Greetings John, and thanks for the kind words.
Money is not everything, in fact nothing is everything; but as an old friend of mine used to say "Money is not everything but it is way ahead of what's in second place".
Oriental carpets should be up there with the greatrst art forms, but they are not thanks to the inability of those involved, and anyone who has read RK knows where that blame lies, to properly create a foundation on which to build real, widespread appreciation.
Perhaps when we are all long gone new interest in these unsigned and mysterious woven masterpieces will rightfully acknowledge them and their value.
The near future looks bleak from our perspective but this will not stop RK and our Weaving Art Museum from working to fulfill its mission: To raise public awareness for historic masterpiece Near East weavings.
Nor will RK stop writing when we see the need, and when we feel we can make a difference even if it is but another grain of sand blown on the beach of indifference this art area has been consigned to by all concerned, save the few who know how foolish and unjust this truly is.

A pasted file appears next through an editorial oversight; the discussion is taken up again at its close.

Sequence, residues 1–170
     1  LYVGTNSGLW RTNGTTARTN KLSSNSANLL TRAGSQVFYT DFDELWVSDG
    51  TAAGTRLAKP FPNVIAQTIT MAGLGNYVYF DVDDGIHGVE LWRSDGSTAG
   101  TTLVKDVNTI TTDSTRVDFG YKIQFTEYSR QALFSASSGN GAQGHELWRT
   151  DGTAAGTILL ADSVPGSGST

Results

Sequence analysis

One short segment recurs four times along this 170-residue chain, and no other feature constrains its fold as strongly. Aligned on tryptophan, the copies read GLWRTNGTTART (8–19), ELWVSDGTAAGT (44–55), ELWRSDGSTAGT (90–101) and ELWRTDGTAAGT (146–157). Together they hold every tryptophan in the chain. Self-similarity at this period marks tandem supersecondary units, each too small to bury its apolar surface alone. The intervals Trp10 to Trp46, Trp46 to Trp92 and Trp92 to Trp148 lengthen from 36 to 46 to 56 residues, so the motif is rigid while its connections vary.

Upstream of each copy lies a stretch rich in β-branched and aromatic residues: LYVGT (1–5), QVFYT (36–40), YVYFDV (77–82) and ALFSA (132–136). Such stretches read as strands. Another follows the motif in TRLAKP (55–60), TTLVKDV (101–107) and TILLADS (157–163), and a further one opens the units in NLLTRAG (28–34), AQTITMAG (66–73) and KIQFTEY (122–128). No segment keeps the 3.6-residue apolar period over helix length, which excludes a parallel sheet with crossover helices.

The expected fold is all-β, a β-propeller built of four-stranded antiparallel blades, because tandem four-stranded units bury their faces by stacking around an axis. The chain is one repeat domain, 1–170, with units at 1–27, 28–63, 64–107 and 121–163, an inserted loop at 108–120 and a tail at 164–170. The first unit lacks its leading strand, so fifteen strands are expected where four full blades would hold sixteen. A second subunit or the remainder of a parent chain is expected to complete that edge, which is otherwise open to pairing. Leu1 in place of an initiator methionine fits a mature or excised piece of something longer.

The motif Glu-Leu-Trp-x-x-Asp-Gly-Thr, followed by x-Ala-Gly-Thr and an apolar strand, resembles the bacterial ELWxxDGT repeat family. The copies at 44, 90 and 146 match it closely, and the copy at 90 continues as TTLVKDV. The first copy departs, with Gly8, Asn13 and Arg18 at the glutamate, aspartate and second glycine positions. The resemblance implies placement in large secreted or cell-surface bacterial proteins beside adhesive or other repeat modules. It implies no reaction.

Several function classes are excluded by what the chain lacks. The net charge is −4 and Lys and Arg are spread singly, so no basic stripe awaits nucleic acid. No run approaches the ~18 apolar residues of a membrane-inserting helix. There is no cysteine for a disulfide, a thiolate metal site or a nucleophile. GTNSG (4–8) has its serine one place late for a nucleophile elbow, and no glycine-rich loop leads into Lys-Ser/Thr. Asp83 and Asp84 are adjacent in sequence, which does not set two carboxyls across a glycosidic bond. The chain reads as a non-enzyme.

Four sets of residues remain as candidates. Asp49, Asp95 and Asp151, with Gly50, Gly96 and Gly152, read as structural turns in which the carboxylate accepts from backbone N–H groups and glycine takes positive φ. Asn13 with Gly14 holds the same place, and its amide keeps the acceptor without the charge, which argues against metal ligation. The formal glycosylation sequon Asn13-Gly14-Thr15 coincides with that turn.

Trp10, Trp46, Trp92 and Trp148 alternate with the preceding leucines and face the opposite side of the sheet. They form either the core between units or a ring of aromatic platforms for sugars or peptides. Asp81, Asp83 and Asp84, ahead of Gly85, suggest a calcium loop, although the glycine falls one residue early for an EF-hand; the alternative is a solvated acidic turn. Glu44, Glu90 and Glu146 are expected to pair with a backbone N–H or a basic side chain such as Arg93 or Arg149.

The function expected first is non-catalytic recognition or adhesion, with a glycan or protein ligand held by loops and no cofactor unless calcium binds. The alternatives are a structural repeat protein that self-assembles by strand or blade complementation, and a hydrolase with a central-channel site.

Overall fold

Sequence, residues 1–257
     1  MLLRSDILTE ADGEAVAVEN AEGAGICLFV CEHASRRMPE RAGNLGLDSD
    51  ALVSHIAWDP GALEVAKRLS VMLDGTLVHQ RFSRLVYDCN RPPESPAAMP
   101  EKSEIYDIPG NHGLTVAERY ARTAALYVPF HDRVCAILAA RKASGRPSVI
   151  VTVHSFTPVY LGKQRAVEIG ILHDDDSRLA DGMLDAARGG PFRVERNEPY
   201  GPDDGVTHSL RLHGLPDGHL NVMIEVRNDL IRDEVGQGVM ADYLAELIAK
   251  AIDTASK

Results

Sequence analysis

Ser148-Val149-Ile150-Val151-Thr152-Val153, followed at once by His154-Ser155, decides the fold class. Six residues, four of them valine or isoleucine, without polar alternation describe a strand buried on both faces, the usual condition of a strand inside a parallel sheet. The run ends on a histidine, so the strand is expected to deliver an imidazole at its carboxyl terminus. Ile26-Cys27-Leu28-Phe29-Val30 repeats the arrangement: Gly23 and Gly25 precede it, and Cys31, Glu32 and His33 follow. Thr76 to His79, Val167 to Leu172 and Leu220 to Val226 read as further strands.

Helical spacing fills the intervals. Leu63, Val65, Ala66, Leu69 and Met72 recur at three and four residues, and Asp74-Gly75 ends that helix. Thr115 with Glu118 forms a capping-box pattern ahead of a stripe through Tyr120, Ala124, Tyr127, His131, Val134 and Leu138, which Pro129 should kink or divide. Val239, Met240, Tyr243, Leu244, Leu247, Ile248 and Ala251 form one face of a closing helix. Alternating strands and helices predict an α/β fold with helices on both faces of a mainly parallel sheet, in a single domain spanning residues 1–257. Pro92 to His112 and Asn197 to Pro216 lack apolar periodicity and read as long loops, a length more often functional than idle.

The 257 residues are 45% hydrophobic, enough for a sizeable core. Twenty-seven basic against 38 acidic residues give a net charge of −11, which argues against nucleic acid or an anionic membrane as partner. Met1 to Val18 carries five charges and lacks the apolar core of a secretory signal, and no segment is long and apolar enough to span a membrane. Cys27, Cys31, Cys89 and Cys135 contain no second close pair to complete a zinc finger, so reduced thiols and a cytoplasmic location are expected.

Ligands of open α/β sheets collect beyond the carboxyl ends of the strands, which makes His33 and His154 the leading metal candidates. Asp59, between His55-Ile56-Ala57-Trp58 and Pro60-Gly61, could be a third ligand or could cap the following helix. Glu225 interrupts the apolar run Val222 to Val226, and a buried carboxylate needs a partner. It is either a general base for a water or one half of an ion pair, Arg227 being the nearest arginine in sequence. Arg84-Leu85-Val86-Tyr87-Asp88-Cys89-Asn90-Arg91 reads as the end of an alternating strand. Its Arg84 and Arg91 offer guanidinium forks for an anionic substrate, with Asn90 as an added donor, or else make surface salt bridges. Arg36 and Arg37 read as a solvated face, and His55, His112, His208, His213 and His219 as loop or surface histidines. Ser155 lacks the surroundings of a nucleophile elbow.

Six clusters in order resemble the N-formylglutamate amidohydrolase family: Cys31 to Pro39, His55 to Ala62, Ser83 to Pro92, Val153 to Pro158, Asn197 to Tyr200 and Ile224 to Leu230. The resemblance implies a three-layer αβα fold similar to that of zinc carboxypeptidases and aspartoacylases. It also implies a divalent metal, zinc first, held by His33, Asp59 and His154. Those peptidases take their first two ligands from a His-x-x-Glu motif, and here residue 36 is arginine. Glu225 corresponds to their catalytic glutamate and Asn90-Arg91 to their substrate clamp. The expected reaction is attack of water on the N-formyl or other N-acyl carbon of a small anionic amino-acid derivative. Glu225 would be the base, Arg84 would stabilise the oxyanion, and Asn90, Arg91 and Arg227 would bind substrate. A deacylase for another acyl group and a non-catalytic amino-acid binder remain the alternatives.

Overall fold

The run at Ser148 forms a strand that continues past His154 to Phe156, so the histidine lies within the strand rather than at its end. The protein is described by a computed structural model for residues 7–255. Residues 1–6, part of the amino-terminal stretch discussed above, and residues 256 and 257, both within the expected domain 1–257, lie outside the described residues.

Very timely. I was in the process of writing a post on my blog about collecting and in particular about Arthur Negus (died 1985), the expert on English furniture who used to appear on the BBC programme "Going for a Song".
I have just finished re-re-reading his book about furniture. Arthur had a lovely west country accent some wonderful stories about pieces that he had found. Like you, his interest was born out of a love of the art form. Try and find a recording of him talking about a piece of furniture that he liked or read one of his books - they are written as he spoke.
I have been following you for many years and I doubt that many people (even the people you have upset) would disagree that you are (probably) the greatest living expert on rugs. It is clear that you have a passion, a thirst for knowledge and have made an outstanding (and unrecognised) contribution to "rugdom". You have also exposed fraud and hypocrisy.
You say that you have not made a lot of money from your studies but you have helped many people (like myself) appreciate rugs more. Like you, I have not made any money from them, or from the furniture I have collected (the value of Georgian furniture has really tanked) but I have passed my interest in both rugs and furniture to my children, so "does it really matter?".
In the meantime I have lived amidst rugs and furniture that I can look at every day and enjoy. Some people collect pictures, others stamps or cars - it does not really matter what - collecting leads to a widening of knowledge. Collecting rugs led me to study the ethnography of the Turkmen, taking me away from day-to-day issues and broadening my mind.
I respect your view and am tempted to say "So long, thanks for all the fish" but I won't.